extract from a recent editorial. It attempts to be
little the reasons given for supporting the ticket.
If the reader will examine tho speech made by our
candidate at the time of the notification he will see
that Judge Parker has justified tho reasons given
by Mr. Bryan and has answered the arguments
put forth by the "Journal of Civilization" as Har
per's Weekly calls itself.. It is determined to bo
displeased no matter what Mr. Bryan does.
A reader of The Commoner asks if it Is true
that Mr. Roosevelt was onco a "tariff reformer."
It is true, and at one time Mr. Roosevelt even
wont so far as to become a member of a free
trade club. When he resigned his membership in
that organization he wrote a letter in which ho
said that he was "a republican first, and a free
trader afterwards." If the reader who makes this
inquiry will look at pages 66 and 67 of the "Life'
of Thomas H. Benton," a book written by Mr.
Roosevelt, he will find that Mr. Roosevelt wrote
as follows:
"The vote on the protective tariff law of 1828
furnished another illustration of the solidarity of
the west. New England had abandoned her free
trade position since 1824 and the northwest was
strongly for the new tariff; the southern sea coast
'. states.-except Louisiana, opposed it bitterly; and
tho bill was carried by tho support of the western
states, both the free and the slave. This tariff
bill was tho first of the immediate irritating
causes which induced South Carolina to go into
the nullification movement. Benton's attitude on
the measure was that of a good many other men
who, in their public capacities, are obliged to ap
pear as protectionists, but who lack his frankness
in stating their reasons. He utterly disbelieved
in and was opposed to the principles of the bill,
but as it had bid for and secured the interest of
Missouri by a heavy duty on lead, he felt himself
forced to support it; and he so announced his posi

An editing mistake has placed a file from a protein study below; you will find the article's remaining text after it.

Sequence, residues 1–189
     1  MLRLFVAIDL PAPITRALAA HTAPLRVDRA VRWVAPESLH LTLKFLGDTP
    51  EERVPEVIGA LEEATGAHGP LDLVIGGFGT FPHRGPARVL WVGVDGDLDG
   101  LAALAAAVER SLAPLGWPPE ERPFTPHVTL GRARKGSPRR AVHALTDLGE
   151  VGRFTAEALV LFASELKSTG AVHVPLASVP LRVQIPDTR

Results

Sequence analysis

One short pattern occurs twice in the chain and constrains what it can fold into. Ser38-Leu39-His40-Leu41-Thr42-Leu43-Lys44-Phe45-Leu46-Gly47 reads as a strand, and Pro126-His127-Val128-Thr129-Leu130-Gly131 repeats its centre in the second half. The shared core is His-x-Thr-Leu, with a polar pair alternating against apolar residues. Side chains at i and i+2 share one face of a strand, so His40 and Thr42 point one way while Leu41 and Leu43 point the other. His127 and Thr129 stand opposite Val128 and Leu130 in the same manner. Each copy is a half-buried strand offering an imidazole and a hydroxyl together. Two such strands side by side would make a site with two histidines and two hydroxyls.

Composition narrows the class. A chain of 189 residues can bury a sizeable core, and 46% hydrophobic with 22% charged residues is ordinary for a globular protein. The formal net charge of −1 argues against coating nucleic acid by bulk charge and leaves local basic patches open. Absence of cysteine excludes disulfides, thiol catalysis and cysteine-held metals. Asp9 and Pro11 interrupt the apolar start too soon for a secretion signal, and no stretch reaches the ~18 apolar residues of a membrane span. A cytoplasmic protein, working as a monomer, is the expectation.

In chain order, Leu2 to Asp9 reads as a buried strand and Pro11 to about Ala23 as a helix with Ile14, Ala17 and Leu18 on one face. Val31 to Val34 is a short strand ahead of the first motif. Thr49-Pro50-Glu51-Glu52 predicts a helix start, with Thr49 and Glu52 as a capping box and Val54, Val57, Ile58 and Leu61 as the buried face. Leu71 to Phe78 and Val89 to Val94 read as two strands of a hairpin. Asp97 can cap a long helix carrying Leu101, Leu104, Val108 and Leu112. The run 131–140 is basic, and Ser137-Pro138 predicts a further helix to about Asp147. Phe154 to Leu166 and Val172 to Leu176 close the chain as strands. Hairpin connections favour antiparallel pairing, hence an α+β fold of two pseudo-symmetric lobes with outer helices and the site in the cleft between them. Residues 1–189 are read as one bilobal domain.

tion. He simply went with his state, precisely
as did Webster the latter, in following Massa
chusetts' change of front and supporting the tariff
of 1828, turning a full and complete somersault.
Neither the one nor the other was to blame.
For free traders are apt to look at the tariff
from a sentimental standpoint; but it is in reality
purely a business matter, and should be decided
solely on grounds of expediency. Political econ
omists have pretty generally agreed that protec
tion is vicious in theory and harmful in practice;
but if the majority of the people in interest want
it, and it affects only themselves there 4s no
earthly reason why they should not be allowed
to try the experiment to their hearts' content.
The trouble is that it rarely does affect only them
' selves and in 1828 the evil was peculiarly aggra
vated on account of the unequal way in which the
proposed law would affect different sections. It
purported to benefit the rest of the country, but It
- undoubtedly worked real injury to tho planter
states, and there is small ground to wondei that
the irritation over it in the region so affected
should have been intense."
Canadians Attack Tobacco Trust
The Canadian government has Inaugurated a
fight' against the tobacco trusts which seems likely
to succeed. A bill has passed the house of com
mons providing for the revocation of the excise li
cense held by manufacturers who sell goods sub
ject to the condition that the purchaser shall not
sell or deal in goods of a like kind -produced by
any other manufacturer or dealer. The measure
is a good one and suggests a new anti-trust rem
edy. Our congress should pass such a law and
thus put an end to one of the vicious practices
of the trust.